WASHINGTON Warming up what will likely be an oft-heard campaign theme this fall, Senate Democrats on Thursday attacked President Bush’s Social Security reform proposal to allow individuals to invest a part of their payroll taxes in the stock market.
In a letter to President Bush signed by 49 Senate Democrats and independent Sen. James Jeffords of Vermont, Senate Majority Leader Tom Daschle and Sen. Jon Corzine of New Jersey charged that Bush’s plan would "substantially reduce the level of guaranteed Social Security benefits."
John Breaux of Louisiana was the only Senate Democrat not signing the letter.
There will be a 9 percent cut in guaranteed benefits by 2012 under the Bush plan and as much as a 45 percent cut by 2075, according to actuarial estimates by the Social Security Administration.
"Privatization is wrong," Daschle said at a news conference on Capitol Hill. "Social Security should be a guarantee, not a gamble."
A call to the White House press office for a reaction was not returned.
The Daschle and Corzine letter also asked the president to demonstrate his opposition to benefit cuts by repudiating the privatization reforms proposed by the Social Security commission he appointed last year.
"We think this is an important issue to be discussed before the election as a part of the agenda that the American people consider when they go to the polls this fall," Corzine said.
"The word ‘security’ in Social Security was intended to guarantee a floor," said Sen. Carl Levin, D-Mich. "There were not going to be winners and losers when it comes to Social Security, but when it comes to privatization, there are going to be losers."
Congressional Republicans countered that ignoring the looming Social Security crisis could lead to benefit cuts of 33 percent and payroll taxes of more than 50 percent.
"Senate Democrats continue using Social Security as a political battering ram to hide the fact they have no plan to strengthen Social Security," responded Rep. E. Clay Shaw Jr., a Florida Republican.
A Gallup poll released this month showed that 43 percent of Americans think Democrats would do a better job of dealing with Social Security, compared to only 33 percent for the GOP.
However, 55 percent of Americans told National Public Radio pollsters in March that they agreed with allowing individuals to invest a part of their Social Security contributions in the stock market, while 40 percent disagreed.
Senate Democrats are being shortsighted about the risks of the stock market, said Matt Moore, a policy analyst for the conservative National Center for Policy Analysis. While the rate of return from Social Security is only 2 percent, the stock market has averaged a 6.4 percent return over any 35-year period in the last 128 years, he said.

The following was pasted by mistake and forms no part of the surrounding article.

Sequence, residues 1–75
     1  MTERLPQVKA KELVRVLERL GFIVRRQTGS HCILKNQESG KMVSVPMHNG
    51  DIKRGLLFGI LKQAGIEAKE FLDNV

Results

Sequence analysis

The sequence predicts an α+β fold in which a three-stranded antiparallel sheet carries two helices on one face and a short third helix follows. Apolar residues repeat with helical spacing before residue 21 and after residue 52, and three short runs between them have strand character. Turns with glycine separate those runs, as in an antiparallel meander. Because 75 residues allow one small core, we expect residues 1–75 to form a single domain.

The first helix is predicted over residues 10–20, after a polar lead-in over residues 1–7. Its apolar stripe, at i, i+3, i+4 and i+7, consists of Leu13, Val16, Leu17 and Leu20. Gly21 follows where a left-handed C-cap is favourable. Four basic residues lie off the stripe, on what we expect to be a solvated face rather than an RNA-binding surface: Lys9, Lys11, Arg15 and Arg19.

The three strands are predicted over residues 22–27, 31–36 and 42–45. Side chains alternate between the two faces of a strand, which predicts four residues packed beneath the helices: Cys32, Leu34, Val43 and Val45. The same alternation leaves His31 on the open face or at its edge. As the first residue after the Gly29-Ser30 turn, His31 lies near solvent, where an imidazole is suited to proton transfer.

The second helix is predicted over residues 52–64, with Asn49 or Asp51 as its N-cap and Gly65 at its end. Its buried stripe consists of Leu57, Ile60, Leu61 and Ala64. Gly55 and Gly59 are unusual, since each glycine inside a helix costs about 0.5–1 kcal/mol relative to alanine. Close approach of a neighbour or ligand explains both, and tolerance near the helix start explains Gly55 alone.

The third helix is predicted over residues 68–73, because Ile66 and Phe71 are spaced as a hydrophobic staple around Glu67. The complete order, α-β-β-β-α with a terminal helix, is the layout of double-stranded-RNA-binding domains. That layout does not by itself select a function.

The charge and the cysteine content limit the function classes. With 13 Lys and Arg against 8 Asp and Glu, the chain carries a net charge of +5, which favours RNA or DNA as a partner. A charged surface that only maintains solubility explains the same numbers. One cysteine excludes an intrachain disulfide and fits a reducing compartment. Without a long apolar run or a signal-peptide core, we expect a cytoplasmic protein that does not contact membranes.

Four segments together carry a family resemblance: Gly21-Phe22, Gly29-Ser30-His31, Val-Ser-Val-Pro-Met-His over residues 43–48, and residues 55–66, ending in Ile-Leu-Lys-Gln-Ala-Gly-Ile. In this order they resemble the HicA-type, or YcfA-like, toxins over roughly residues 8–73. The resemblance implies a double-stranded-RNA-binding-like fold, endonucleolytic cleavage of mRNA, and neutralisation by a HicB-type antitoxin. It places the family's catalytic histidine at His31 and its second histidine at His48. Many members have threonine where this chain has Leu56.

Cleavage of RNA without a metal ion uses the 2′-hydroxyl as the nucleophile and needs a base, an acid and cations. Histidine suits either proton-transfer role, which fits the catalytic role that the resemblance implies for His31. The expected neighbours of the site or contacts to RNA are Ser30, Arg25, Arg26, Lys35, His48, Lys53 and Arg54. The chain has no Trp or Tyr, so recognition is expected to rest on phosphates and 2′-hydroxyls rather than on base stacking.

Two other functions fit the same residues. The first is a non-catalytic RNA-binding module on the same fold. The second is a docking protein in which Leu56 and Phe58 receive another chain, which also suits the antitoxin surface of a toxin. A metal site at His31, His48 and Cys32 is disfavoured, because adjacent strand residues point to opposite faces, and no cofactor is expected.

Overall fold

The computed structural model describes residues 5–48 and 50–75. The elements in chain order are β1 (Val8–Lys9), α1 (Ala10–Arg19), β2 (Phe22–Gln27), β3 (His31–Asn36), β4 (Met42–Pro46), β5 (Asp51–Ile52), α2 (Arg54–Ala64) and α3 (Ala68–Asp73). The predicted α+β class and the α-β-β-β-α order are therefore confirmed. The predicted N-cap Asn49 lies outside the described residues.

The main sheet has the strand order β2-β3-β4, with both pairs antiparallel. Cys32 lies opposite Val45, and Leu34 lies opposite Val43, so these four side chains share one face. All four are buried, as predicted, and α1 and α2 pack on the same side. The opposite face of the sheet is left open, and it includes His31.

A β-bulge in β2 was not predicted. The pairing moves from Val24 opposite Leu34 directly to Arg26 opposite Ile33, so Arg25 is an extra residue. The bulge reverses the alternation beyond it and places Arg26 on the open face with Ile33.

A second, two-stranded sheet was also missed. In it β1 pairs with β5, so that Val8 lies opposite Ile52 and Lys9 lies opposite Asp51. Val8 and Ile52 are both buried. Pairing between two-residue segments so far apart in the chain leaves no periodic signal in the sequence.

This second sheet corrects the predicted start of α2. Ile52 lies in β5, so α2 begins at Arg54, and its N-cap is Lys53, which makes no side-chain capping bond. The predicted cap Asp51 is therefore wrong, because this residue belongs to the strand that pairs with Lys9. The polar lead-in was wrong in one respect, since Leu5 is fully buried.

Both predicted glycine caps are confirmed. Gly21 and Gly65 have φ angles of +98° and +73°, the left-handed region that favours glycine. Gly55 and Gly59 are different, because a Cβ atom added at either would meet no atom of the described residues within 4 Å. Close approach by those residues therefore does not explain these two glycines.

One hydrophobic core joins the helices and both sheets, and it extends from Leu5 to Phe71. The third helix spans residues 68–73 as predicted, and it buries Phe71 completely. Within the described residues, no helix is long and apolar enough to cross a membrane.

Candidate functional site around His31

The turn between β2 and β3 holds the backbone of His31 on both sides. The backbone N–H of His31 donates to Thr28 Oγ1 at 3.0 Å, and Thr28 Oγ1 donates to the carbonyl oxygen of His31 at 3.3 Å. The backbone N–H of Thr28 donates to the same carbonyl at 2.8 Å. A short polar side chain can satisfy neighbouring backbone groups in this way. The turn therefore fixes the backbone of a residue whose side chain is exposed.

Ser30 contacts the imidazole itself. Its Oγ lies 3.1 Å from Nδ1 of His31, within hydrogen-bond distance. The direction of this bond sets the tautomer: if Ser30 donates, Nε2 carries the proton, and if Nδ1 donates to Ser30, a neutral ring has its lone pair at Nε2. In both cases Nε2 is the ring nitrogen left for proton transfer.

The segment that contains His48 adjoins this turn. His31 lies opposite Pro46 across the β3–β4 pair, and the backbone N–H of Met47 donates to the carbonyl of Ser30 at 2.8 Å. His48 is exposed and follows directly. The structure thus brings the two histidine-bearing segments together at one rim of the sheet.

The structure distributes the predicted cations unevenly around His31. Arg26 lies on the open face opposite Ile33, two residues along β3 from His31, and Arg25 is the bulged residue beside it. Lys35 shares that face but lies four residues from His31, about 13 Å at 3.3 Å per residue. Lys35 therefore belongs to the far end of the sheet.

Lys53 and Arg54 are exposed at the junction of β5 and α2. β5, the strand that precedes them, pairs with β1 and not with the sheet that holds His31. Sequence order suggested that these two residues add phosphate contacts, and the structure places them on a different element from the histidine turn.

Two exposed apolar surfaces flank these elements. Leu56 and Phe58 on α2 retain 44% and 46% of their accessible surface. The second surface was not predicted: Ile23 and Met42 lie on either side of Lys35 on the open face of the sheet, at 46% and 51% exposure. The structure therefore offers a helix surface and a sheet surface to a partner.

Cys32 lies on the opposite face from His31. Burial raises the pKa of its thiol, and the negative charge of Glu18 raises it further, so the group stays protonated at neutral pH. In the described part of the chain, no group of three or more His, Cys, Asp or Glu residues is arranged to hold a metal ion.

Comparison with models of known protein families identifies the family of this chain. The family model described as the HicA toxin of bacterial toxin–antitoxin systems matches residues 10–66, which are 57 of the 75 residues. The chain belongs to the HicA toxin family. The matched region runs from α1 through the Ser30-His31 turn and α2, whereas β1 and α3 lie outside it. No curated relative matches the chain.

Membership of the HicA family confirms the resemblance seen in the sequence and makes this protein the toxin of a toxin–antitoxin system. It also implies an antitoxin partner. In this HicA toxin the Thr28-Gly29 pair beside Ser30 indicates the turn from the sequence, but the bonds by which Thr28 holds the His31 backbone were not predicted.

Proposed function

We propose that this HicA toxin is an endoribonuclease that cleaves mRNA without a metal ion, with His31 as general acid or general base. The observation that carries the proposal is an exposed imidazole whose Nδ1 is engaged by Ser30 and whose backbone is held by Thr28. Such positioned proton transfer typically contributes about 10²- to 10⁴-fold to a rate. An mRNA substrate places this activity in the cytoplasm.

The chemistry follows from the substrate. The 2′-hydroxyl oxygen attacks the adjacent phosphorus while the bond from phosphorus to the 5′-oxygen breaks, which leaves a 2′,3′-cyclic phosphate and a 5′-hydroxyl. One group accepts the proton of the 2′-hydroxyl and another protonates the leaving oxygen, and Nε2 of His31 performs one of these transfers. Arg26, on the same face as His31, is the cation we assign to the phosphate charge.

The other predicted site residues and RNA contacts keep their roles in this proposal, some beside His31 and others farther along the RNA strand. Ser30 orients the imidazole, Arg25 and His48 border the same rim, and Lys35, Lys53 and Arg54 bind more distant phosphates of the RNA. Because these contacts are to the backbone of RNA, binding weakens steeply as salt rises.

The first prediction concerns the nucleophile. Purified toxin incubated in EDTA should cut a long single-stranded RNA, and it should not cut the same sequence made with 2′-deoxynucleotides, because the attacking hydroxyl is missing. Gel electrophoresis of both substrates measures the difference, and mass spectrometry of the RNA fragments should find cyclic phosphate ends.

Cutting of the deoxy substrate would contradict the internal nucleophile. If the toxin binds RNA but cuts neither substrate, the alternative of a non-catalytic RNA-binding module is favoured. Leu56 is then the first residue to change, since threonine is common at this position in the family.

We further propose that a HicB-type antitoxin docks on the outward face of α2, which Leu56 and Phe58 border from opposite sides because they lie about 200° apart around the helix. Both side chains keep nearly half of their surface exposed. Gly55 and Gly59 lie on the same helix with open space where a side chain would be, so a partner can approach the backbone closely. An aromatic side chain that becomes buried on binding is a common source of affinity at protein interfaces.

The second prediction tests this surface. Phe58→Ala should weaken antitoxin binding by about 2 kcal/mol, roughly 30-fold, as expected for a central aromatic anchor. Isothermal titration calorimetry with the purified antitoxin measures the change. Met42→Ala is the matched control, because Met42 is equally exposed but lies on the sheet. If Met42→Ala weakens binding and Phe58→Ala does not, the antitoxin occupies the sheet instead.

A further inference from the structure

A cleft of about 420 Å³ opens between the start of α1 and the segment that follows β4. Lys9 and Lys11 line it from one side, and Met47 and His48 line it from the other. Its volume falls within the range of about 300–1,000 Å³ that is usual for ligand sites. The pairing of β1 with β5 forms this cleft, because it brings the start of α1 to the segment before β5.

"The attacks they’re making are a distraction from the real issues," Moore said. "In 15 years they’re not going to have enough money to pay the funds. So we need to have an honest and open dialogue. You’ve got to have two sides talking. Only one side has proposed a solution."
When asked about alternatives to Bush’s plan, Levin advocated a bipartisan commission like the one formed in 1982 and headed by current Federal Reserve chief Alan Greenspan. By contrast, Bush’s commission "was clearly tilted toward those who favor privatization," Levin said.
That Bush selected people who agreed with him should come as no surprise, said Michael Tanner, a Social Security expert at the libertarian Cato Institute, from which three commission members and one staffer were drawn.
Tanner also said that in criticizing the Bush proposal’s cuts, Senate Democrats neglected to include the benefits individuals would be receiving from their individual retirement accounts.
"Under all the reform plans, benefits provided by the federal government are reduced, but you get money from your individual account," Tanner said.
"The Bush administration is trying to create the fiction that Social Security’s broken and needs to be fixed, when in fact the opposite is true," said Sen. Mark Dayton, D-Minn., who was also at the briefing.
"Social Security is in good shape for the next three to four decades, depending on the economy, and it’s only their actions that threaten to break it sooner," he said.
Tanner disagreed, arguing that Social Security benefits are threatened by a $24 trillion unfunded liability over a 75-year actuarial period. He added that there is nothing to prevent Congress from decreasing benefits or increasing taxes to keep the system solvent.
Levin said Social Security is a "huge, significant, critical, fundamental issue," which should be debated, not "delayed until after the campaign, as the president desires."
© 2002, McClatchy/Tribune Information Services